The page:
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...they look nuts but sound well thought out and weigh very little

These wheels from Mad Fiber are some of the most distinctive we’ve seen in a long time… and that’s saying something because loads of new carbon wheels have been released lately.

Mad Fiber is a specialist wheel brand from Seattle in the US and they make their own wheels in the US rather than out-sourcing production abroad.

The idea behind the design was to forget about substituting metal parts for carbon, and instead produce wheels that are designed around carbon as a material. There’s so much technology going on here that you really need to visit the Mad Fiber website to check it all out. These wheels are designed to be lightweight, aerodynamically efficient and very strong.

To talk you through a few key features, the rims (60mm front, 66mm rear) aren’t produced in a normal way, they’re made up from three separate parts: the two sidewalls and the tyre seat. Mad Fibre says this allows them to make the rims much more precisely than if they used a bladder mould inside the rim.

The spokes are bonded to the rim sidewalls, dispersed the load across a large area of the tyre seat. Those spokes are just 0.7mm thick and, although the outer layers you can see are a 12k carbon-fibre weave, the inner layers are unidirectional carbon. If you’re worried about the carbon snapping, Mad Fiber reckon they can handle 40 times the load they’re ever going to need to and can twist up to 90 degrees if anything gets caught in your wheel.

The hubs are interesting too. Rather than coming out perpendicular to the hub body, the flanges are aimed towards the anchor point on the sidewall to keep the load path straight. 

And your final tech fact for the day is that the wheels aren’t constructed, as you might think, as rims, hubs and spokes and then the three elements all put together. Instead, the spokes are first bonded to the relevant sidewall and hub flange without any tension. Only once everything else is assembled are the flanges drawn from the centre of the hub to the edges, thereby applying the tension. It’s all very impressive stuff.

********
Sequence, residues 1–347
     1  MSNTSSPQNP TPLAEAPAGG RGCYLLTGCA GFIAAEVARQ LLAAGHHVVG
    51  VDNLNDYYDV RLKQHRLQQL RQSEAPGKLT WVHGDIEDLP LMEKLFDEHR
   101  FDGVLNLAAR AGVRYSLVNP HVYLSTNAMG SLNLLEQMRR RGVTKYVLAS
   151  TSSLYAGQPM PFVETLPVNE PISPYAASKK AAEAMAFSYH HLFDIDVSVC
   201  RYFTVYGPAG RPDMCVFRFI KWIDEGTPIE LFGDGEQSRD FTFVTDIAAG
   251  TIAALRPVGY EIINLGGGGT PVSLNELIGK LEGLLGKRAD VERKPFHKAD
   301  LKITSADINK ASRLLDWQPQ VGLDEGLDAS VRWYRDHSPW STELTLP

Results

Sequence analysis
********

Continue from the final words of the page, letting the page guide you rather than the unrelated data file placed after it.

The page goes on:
You might think those hubs look unfinished. Mad Fiber could easily have added another layer of carbon there to neaten things up, but it would have been purely cosmetic so they’ve opted to leave them as is.

The wheels are available in both tubular and clincher versions, with Shimano/SRAM and Campagnolo compatibility and, as you might have guessed by now, they’re not cheap – £2,500.

According to Mad Fiber, the tubular model is 1,085g a pair and the clincher version - which has an alloy tyre seat rather than carbon - just 1,300g, and there’s no rider weight limit. Titanium skewers and proprietary brake pads come as part of the package. You get a four-year warranty and there’s a crash replacement policy – which might come in useful because you’re not going to be finding the right spokes down at your local bike shop.

In terms of aerodynamic performance, Mad Fiber don’t give the usual statistics in terms of grams of drag, time saved over 40km or anything like that. What they say is, “Mad Fiber wheels are well within the norm for aerodynamic drag with aero wheels, and can be exceptional in high yaw situations. Given the significant weight advantage Mad Fibers enjoy over other aero wheels, there’s no doubt Mad Fibers would prove advantageous in the real world, where climbing performance and acceleration start to be factors.”

Sounds a bit woolly, doesn’t it? We’ll see if we can get any more concrete info. In the meantime, visit madfiber.com or see the wheels at this weekend’s Cycle Show at Birmingham NEC.

Mat has worked for loads of bike magazines over 20+ years, and been editor of 220 Triathlon and Cycling Plus. He's been road.cc technical editor for eight years, testing bikes, fettling the latest kit, and trying out the most up-to-the-minute clothing. We send him off around the world to get all the news from launches and shows too. He has won his category in Ironman UK 70.3 and finished on the podium in both marathons he has run. Mat is a Cambridge graduate who did a post-grad in magazine journalism, and he is a past winner of the Cycling Media Award for Specialist Online Writer.